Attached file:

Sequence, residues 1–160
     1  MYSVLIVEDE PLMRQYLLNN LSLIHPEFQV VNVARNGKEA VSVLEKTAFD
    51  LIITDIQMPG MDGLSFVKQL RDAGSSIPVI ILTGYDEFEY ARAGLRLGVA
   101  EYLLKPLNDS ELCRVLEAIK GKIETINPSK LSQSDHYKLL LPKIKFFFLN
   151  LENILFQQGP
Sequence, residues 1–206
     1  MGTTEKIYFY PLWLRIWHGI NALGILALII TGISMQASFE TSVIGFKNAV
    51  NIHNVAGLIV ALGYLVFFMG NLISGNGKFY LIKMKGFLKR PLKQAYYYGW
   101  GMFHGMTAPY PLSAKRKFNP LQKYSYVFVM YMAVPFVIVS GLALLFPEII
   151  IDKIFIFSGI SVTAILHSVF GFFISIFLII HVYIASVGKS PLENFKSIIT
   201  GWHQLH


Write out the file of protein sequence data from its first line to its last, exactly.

Sequence, residues 1–160
     1  MYSVLIVEDE PLMRQYLLNN LSLIHPEFQV VNVARNGKEA VSVLEKTAFD
    51  LIITDIQMPG MDGLSFVKQL RDAGSSIPVI ILTGYDEFEY ARAGLRLGVA
   101  EYLLKPLNDS ELCRVLEAIK GKIETINPSK LSQSDHYKLL LPKIKFFFLN
   151  LENILFQQGP
Sequence, residues 1–206
     1  MGTTEKIYFY PLWLRIWHGI NALGILALII TGISMQASFE TSVIGFKNAV
    51  NIHNVAGLIV ALGYLVFFMG NLISGNGKFY LIKMKGFLKR PLKQAYYYGW
   101  GMFHGMTAPY PLSAKRKFNP LQKYSYVFVM YMAVPFVIVS GLALLFPEII
   151  IDKIFIFSGI SVTAILHSVF GFFISIFLII HVYIASVGKS PLENFKSIIT
   201  GWHQLH